Many teachers across the country were outraged to learn they would lose their $250 deduction for classroom materials under the tax bill proposed by House Republicans.
But the version of the bill passed early this morning by the Republican-led Senate actually goes in the other direction—doubling the amount teachers can deduct to $500. (See the Politics K-12 blog for details on how that bill affects state and local funding and school choice.)
The “educator expense deduction” was added to tax law about 15 years ago. Sen. Susan Collins, a Maine Republican who is still in office and considered an influential vote on tax reform, led the charge. The effort was meant to give teachers, many of whom spend hundreds of dollars a year on classroom supplies without being reimbursed, a break on their taxes. It’s an above-the-line deduction, meaning teachers don’t need to itemize their expenses to get it.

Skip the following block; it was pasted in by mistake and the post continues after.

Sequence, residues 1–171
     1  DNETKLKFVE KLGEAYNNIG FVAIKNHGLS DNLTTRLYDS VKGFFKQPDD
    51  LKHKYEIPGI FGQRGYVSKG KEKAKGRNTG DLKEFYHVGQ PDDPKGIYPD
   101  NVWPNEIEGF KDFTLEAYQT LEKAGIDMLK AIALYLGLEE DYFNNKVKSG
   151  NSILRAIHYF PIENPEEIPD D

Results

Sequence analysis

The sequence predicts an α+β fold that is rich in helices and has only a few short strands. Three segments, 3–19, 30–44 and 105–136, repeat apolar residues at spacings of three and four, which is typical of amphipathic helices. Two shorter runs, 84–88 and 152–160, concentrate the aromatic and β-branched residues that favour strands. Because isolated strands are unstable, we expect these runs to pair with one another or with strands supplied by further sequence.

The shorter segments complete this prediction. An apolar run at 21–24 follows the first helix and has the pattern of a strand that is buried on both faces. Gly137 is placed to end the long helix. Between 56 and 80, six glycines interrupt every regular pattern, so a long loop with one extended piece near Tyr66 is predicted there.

For a thorough primer on the educator expense deduction, take a look at Five Things to Know About the $250 Tax Break That Teachers Could Lose or watch the Facebook Live video below.
The two bills still need to be reconciled, so it’s up in the air what will happen to the deduction in the final version of any legislation, assuming lawmakers can agree to one.
The large national teachers’ unions, though, are not buoyed by the potential increase to the deduction, which is a relatively minor provision within the complete tax overhaul. In a statement this morning, American Federation of Teachers President Randi Weingarten expressed her dismay about the bill, accusing Senate Republicans of “handing huge tax breaks to their wealthy donors and corporations ... while sticking it to the middle class and working folks.”
For more news and information on the teaching profession:
And sign up here to get alerts in your email inbox when stories are published on Teacher Beat.
A version of this news article first appeared in the Teacher Beat blog.